Page 45 Review by Stephen
Out in the vast, open desert a storm is brewing: a storm of sand, and a storm of confrontation and conflict.
Hopelessly through one and haplessly into the other staggers young, wounded Abbie with her beautiful feathered steed, a giant, speckle-breasted moa.
Exhausted, the moa doesn't make it, but thanks to the determined and instinctive intervention of Jaime and his grandfather, Iman, Abbie is carefully carried back to the sheltered safety of their family house in their remote town, all alone in the desiccating dunes. As they do so, a blue-and-black-furred jackal-like rakuna watches carefully, cautiously, yet knowingly.
"They're the servants of Raku," explains Jaime's Aunt Nifrain, "Deva of long journeys. And difficult times."
She's seen a rakuna once before, many years ago, and she will see another shortly.
Abbie's journey has already been long and she has far further to go in these difficult times, for she seeks to carry her dead mother's ashes in a fragile urn up to the mountain range called the Potter's Spine, there to scatter them and mourn in private.
For the moment, however, haunted by dreams of her dearly departed, she must take time to recuperate in the company of Jaime, Iman and Nefrain.
There'll be no peace and quiet, but recover she will, for Auntie Nifrain is a doctor with a fiery temper and a very sharp knife, determined that her patients will be healed whether they like it or not! Nurse Nefrain will not brook a bad patient, and even fiercely independent Abbie will have to do as she's told - for now...
Nor is the wider town life any less loud, for it is constantly beset by roaming, opportunistic Parasai demanding tributes from the poor population. These Parasai look like anyone else, but have tremendous strength and psychokinetic powers which they once used to aid those in need but now take from them instead. One comes off like an anti-Desperate-Dan, even juggling a cow for good measure. But basically they have sunk to the low level of bullies and the town's mayor does nothing but appease.
"We're a humble people here. We know our place in the world, and we have no trouble with paying what's due to those who are better."
Such low self-esteem
"All we ask is to live our lives in peace."
The trouble is that they cannot and are not living their lives in peace while these public raids continue, but his arguments are more complex than that.
"Treasures can be remade. Lives cannot. You'd do well to teach your grandson, Iman."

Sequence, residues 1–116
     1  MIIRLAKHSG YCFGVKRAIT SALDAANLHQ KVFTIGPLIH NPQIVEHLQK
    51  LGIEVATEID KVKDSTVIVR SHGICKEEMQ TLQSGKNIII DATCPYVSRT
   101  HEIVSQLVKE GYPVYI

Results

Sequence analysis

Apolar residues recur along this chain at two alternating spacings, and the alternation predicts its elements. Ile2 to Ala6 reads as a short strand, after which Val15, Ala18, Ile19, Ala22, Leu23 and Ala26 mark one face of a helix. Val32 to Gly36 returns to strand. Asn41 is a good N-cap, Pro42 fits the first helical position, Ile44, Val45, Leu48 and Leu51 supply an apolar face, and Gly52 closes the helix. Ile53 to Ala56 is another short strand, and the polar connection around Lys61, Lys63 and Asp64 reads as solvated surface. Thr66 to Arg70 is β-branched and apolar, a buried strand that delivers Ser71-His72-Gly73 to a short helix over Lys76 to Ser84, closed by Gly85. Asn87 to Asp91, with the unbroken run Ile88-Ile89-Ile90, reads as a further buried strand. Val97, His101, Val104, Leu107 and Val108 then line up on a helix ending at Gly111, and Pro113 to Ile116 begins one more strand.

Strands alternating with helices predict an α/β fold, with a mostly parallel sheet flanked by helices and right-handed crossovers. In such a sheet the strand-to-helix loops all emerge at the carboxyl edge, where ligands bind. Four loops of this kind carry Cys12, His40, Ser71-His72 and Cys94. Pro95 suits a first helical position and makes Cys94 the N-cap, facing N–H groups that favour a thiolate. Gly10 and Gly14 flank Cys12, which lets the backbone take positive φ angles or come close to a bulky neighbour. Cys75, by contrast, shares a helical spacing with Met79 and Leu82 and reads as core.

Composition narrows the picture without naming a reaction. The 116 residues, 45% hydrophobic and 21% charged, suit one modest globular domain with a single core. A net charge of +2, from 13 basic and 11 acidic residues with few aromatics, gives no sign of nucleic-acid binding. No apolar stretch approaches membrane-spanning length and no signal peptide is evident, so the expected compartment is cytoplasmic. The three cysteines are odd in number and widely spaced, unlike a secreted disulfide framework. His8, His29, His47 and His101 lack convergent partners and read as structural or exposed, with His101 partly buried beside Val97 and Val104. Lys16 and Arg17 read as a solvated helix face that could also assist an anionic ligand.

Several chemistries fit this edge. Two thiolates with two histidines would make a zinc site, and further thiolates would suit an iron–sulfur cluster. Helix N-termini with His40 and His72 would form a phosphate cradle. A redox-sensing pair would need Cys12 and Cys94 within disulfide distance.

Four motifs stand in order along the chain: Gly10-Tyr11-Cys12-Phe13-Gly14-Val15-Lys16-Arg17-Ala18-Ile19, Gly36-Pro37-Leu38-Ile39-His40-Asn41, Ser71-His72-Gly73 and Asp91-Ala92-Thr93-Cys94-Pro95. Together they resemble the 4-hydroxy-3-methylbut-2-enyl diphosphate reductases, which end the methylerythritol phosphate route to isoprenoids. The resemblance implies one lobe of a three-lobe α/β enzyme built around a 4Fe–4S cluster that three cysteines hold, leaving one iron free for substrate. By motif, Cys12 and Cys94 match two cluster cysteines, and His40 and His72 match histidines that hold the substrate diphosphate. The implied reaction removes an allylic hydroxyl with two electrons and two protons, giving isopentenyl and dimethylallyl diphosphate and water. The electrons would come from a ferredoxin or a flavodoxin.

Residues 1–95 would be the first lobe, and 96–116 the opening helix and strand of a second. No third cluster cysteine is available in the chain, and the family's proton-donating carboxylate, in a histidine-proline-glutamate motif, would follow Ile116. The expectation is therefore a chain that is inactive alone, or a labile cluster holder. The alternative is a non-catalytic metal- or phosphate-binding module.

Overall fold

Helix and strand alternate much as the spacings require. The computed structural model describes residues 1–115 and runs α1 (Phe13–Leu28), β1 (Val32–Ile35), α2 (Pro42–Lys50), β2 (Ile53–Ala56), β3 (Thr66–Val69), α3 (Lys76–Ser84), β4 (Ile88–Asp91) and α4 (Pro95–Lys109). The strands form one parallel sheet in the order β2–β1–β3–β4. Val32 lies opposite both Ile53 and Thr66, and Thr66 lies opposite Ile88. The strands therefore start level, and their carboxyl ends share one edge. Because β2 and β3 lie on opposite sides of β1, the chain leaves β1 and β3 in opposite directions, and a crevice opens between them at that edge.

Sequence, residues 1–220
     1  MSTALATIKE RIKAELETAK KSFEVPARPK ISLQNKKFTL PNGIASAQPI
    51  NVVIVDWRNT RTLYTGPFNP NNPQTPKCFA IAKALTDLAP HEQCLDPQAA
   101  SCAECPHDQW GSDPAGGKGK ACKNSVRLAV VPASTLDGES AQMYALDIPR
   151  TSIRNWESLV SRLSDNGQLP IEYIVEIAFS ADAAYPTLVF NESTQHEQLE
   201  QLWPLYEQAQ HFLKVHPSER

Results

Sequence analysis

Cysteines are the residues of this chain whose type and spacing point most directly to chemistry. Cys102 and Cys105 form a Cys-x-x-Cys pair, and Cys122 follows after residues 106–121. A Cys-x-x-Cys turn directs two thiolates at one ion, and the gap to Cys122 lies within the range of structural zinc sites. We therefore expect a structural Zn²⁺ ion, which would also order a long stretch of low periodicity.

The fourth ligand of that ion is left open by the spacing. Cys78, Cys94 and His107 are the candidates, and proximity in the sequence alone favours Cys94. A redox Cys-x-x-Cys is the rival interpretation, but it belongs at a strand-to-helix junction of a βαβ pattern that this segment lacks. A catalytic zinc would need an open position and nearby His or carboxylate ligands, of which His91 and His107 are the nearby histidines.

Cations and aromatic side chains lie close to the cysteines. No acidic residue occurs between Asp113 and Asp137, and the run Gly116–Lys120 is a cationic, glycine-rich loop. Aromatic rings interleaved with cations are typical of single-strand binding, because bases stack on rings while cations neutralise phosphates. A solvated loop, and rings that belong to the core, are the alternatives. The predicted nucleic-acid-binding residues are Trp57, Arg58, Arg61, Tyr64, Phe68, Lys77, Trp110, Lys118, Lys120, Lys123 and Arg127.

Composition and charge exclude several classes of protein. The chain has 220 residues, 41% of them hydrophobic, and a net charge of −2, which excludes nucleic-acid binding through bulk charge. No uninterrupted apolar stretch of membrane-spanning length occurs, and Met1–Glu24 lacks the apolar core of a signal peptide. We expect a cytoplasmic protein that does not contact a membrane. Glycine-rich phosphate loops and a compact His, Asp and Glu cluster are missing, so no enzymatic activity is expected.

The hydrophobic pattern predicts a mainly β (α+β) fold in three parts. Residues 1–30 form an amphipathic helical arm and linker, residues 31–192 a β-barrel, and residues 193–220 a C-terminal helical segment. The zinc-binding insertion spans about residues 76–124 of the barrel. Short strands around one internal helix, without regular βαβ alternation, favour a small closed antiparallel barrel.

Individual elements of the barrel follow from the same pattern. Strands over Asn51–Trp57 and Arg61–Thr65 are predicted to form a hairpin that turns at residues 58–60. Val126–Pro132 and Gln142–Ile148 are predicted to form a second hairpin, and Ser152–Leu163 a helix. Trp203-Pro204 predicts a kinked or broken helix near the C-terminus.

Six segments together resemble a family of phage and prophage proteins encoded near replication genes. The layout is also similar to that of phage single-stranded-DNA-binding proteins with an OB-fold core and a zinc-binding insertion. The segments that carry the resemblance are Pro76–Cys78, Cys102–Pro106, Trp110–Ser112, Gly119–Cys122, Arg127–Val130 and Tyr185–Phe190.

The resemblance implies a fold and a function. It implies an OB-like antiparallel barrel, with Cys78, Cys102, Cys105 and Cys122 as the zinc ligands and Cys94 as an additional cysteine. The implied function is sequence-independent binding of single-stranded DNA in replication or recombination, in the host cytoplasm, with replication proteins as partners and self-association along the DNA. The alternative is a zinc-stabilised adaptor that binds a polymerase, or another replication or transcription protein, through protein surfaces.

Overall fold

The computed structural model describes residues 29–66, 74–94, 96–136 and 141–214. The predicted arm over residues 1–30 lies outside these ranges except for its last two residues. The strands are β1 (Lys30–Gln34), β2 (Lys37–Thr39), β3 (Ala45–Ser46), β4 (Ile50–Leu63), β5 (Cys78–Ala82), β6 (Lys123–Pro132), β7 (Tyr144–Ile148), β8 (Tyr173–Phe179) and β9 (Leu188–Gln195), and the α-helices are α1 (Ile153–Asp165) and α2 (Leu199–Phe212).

But what, do you think, has any of this to do with Abbie?
More all-ages excellence which will thrill, chill and get you right riled up, but which will also take you in unexpected directions and make you laugh as it does so. There is some exquisite, slapstick visual comedy, a running gag about badly made pigeon soup and one page that had me howling with its pitch-perfect timing involving an unattended window, four steaming-hot potato buns and an unfortunate cat.
I so do wish I could find that and perhaps I will before we go to publication but in case we can't it'll give you something to really look forward to!
The same thing goes for an air-punching moment of cactus catharsis, but I'm saying nothing.
Nilah Magruder isn't afraid to mix up the art with a plethora of clever comedic devices, one utilising both form and colour for a frozen, statuesque moment of mortified horror during an accident accentuated with the beauty which precedes it in the form of an intricate, delicately blown, marigold-coloured glass figurine. Again, though: there will be surprises!
On a more serious note, this album-sized graphic novel also deals sensitively with subjects like loss, loneliness, isolation and independence, along with family matters, and does so partly with ever so expressive eyes.
Abbie, for example, isn't the only individual left without parents. Jaime's mother had an incurable, innate wanderlust, so she left him when young to be looked after by her father and sister Nifrain. They've never considered Jaime a burden, but that doesn't mean that Jaime has thought the same way.
I don't know either way, but I do wonder if the jackal-like rakuna draws on the same mythology as the apparition in Leila Del Duca & Kit Seaton's AFAR? Either way, I would watch out for that as you watch out for each other - a concept very much at the heart of this journey.
I don't think that it's over.
What a tremendously bright, profoundly moving and highly intriguing punchline!